Cramer pitched well for the High-A Stockton Ports and the Double-A Midland Rockhounds that season and started for the Triple-A Sacramento River Cats in the post-season, but was out of affiliated baseball once again in 2008 when the A's released him. After pitching well in the independent Golden Baseball League in 2008, he was brought back by Oakland in 2009. He pitched well again, appearing for Stockton, Midland and Sacramento and winning a Texas League title with the ‘Hounds. However, Cramer's path to the big leagues appeared blocked when he was loaned out by the A's to the Quintana Roo Tigres of the Mexican League at the start of this season.
He willed himself back on the path to the big leagues by starring in the Mexican League and then dominating for Sacramento when the A's brought him back to the US in August. Still, on Thursday night when Cramer got the news from Sacramento manager Tony DeFrancesco that he was being promoted to Oakland after the River Cats lost Game Two of their playoff series with Tacoma, Cramer could hardly believe it.
"I just thought he was going to give the rah-rah speech and he kind of did, but then he said, ‘you know, the main reason we are all here is to get you to the big leagues.' Then he said, ‘Bobby Cramer, you are going up.' It kind of got a little dark and I blanked out for a second [laughs]. It took me a second to realize what he had just said, but it was the best thing I've heard in a long time," Cramer said.
Early on in his stint with the Quintana Roos, Cramer got calls from teams in Asia about playing for them next season. Knowing that he would have a job in professional baseball in 2011 regardless of whether he fit into the A's plans helped him to relax and focus only on his season in the Mexican League and nothing else. After finishing atop the Mexican League leader boards in wins (13), complete games (5), shutouts (3), WHIP (1.12) and strike-outs (123 in 128 innings), Cramer was called on by the A's to return to Sacramento. He responded by posting a 1.94 ERA in 41.2 innings for the River Cats, aiding Sacramento's late-season surge into the playoffs.
"Having been brought back [to Sacramento], I was happy. That league down there [in Mexico], it's a good league as far as skill, but as far as the little things that we get used to here, like having clubhouses with air conditioning and whatnot [those aren't there]. So once I got back, I felt like I was already in the big leagues," Cramer said.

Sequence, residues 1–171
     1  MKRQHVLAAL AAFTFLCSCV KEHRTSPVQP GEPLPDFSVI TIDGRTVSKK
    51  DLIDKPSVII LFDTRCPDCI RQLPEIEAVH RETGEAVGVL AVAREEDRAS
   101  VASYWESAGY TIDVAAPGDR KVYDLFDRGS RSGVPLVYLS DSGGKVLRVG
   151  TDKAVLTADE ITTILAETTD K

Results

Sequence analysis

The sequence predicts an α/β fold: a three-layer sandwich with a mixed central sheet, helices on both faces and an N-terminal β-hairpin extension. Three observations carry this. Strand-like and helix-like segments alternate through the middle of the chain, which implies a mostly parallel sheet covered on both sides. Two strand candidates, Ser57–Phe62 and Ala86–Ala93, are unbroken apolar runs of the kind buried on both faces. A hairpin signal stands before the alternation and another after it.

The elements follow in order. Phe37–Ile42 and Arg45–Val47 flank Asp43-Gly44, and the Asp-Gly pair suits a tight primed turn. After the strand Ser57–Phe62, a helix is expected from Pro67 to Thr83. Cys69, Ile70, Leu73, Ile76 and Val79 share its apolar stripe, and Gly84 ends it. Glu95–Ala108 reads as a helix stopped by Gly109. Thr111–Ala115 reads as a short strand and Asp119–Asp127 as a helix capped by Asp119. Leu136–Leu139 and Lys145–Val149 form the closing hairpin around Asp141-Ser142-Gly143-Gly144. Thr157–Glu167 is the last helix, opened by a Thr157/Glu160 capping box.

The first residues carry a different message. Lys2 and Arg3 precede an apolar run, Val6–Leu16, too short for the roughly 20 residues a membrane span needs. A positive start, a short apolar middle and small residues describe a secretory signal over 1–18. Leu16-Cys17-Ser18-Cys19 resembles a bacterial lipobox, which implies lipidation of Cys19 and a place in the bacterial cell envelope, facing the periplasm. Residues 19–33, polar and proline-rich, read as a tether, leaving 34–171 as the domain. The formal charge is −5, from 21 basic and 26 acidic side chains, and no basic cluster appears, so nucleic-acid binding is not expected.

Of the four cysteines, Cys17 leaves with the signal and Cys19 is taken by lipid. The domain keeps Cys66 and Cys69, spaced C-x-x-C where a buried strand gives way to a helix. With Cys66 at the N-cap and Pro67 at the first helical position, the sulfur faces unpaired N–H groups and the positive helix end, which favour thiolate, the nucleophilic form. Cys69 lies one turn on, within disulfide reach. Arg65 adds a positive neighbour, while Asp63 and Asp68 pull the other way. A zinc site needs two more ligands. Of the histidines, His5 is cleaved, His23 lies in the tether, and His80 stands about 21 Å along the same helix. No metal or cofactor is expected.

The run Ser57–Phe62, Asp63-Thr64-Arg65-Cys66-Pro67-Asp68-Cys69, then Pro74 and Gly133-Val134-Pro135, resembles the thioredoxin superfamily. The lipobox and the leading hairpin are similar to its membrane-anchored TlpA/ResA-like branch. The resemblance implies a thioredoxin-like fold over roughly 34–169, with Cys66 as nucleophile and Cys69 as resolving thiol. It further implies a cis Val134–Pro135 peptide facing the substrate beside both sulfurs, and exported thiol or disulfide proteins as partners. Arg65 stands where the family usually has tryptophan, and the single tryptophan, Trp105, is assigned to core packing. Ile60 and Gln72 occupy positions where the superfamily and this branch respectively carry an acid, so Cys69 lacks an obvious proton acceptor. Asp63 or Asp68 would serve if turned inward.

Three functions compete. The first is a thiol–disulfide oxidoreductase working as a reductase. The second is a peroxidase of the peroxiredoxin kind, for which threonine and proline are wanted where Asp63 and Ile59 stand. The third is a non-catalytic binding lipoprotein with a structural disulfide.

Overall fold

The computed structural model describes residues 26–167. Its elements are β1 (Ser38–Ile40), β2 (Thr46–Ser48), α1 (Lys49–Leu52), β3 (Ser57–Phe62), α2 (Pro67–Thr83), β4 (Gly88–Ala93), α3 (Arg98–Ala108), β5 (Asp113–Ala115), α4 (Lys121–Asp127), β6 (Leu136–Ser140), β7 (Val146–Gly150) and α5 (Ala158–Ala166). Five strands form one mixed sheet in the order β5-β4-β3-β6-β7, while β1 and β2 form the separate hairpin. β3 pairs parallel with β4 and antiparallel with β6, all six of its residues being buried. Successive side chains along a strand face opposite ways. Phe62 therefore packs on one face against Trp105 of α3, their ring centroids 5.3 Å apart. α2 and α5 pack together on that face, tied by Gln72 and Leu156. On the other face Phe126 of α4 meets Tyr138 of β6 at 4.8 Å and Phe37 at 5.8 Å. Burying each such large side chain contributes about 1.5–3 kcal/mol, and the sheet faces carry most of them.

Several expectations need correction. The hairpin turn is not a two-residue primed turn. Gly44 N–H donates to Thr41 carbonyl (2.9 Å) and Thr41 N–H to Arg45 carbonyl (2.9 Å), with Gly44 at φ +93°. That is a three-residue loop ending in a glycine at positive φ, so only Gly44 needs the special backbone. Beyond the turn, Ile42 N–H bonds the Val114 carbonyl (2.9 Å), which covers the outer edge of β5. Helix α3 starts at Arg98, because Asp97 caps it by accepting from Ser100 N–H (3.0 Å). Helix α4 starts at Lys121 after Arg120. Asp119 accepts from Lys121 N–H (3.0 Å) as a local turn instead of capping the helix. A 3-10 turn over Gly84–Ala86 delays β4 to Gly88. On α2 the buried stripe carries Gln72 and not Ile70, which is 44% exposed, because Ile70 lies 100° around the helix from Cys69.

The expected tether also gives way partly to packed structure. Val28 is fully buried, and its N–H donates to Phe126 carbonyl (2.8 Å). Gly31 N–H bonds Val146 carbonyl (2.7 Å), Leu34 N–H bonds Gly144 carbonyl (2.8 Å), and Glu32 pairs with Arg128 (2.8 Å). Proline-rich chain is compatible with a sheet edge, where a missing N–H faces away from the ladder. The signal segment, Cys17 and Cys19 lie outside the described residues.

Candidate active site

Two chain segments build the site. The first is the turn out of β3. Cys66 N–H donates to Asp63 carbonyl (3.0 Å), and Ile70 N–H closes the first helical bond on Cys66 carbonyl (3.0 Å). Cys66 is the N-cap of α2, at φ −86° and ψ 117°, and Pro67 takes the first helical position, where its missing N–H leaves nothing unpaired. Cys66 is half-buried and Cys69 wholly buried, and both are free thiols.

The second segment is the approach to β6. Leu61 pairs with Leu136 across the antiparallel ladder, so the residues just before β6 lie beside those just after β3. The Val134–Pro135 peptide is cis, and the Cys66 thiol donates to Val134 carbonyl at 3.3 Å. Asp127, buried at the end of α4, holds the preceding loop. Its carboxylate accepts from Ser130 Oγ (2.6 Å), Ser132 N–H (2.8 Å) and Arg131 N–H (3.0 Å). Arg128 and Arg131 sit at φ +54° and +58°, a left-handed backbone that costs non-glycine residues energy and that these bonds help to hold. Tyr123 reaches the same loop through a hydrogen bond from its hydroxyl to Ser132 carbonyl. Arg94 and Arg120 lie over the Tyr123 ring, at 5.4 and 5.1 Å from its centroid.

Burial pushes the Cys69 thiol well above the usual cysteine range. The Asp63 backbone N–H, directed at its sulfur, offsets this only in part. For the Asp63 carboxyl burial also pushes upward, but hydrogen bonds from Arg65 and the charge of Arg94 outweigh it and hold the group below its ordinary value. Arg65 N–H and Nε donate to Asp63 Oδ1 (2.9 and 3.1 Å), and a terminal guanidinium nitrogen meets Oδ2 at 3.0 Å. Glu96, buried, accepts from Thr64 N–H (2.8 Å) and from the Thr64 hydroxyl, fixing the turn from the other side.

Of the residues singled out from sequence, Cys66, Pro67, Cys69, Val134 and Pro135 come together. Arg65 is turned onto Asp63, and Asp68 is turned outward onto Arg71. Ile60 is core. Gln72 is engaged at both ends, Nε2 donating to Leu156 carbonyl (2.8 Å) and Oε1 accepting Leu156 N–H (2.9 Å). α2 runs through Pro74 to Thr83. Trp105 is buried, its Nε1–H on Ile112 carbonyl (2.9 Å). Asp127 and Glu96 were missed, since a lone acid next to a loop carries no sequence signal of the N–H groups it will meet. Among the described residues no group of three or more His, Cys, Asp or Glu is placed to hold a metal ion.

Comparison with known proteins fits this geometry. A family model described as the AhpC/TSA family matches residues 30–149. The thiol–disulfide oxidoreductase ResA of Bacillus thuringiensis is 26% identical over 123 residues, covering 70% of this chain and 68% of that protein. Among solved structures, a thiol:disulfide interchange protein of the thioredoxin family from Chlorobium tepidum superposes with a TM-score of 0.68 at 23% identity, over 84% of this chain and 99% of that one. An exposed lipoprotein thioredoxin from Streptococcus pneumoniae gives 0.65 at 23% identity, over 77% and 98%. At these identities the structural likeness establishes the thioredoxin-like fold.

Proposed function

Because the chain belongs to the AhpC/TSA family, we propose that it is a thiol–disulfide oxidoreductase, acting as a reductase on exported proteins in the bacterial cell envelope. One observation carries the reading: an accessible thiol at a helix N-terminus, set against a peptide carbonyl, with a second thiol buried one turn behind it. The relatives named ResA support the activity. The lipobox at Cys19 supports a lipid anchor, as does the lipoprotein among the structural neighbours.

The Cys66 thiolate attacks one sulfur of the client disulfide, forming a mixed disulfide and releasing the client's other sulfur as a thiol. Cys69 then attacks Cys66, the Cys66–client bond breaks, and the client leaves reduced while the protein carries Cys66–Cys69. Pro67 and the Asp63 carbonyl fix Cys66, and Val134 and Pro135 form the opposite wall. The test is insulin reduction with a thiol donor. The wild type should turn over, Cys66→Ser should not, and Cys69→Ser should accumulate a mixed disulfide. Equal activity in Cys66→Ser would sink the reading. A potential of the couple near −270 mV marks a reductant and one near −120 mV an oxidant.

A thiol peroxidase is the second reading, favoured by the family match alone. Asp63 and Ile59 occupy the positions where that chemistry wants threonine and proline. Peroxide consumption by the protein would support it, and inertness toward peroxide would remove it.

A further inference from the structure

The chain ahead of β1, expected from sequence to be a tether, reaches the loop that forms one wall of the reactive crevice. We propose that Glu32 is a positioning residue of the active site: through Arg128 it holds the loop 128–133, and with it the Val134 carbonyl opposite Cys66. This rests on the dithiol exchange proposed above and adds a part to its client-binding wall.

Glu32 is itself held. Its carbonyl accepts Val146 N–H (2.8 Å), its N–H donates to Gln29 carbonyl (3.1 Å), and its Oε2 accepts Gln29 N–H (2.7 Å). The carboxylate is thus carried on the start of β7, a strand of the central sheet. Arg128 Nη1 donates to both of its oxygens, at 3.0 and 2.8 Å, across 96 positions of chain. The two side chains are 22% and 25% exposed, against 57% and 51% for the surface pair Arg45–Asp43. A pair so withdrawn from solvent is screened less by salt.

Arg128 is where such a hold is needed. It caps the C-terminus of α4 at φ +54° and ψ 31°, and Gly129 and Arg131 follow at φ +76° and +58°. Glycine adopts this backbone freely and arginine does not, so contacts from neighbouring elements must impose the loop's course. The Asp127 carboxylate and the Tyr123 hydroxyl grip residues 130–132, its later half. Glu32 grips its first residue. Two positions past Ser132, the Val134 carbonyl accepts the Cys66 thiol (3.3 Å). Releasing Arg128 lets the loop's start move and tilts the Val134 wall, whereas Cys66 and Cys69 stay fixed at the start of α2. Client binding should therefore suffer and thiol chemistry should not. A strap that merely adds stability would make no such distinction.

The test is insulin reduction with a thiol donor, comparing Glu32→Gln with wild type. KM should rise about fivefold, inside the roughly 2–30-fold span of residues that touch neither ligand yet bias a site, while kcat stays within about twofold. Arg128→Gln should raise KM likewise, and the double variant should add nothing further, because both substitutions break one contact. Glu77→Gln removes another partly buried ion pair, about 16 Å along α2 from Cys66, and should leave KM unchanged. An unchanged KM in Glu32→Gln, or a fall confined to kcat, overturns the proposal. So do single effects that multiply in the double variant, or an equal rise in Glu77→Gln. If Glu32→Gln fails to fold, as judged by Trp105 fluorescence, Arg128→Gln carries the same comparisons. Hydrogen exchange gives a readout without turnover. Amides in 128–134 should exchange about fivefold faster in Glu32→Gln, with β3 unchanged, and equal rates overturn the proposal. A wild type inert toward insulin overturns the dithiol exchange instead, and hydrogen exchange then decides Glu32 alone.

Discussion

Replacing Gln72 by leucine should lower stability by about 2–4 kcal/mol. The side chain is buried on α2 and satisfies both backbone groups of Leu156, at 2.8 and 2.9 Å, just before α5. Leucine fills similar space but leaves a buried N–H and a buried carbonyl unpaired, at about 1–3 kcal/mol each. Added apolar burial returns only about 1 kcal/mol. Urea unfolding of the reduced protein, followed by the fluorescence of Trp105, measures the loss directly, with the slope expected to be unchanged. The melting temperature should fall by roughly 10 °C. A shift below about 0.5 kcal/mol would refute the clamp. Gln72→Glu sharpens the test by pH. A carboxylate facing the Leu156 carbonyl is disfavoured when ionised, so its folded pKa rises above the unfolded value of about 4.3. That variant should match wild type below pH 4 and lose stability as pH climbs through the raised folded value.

"I had never had much success [at Triple-A]. I had never really had a prolonged stint in Sacramento until this year. This is the most innings I've ever thrown in Sac., so to go there and be healthy and throw the way that I hoped I could throw if I was healthy there, I was happy. To get up here [to the big leagues], it's just been a magical season."
When Cramer reflects on the winding path his season and career has taken to get to the big leagues, he is clearly emotional.
"I don't know if I can put it into words. It's been a long season. This is the most [innings] I've ever thrown anyway," Cramer said on Saturday.
"I never felt further away from my dream then when I was down there [in Mexico]. I kind of felt like maybe I wasn't really fitting into the plans, that they were just sending me down there to get some players in return. I realized after a few months I was going to be there all season, so I just figured I'd settle down and continue to throw and whatever happened would happen."
Oakland A's Director of Baseball Operations Farhan Zaidi says that Cramer's promotion sends a positive message to the entire A's organization that any player within the organization can advance if he gets the results on the field.
"I really think that the best and fairest way to run an organization is as a meritocracy. It should be a situation where, if you do well, you get promoted," Zaidi said.
"No matter where we drafted you or how you were acquired, if you perform, you will get a chance to move up. He's a guy who has had a couple of stints with us and he has been terrific at every level.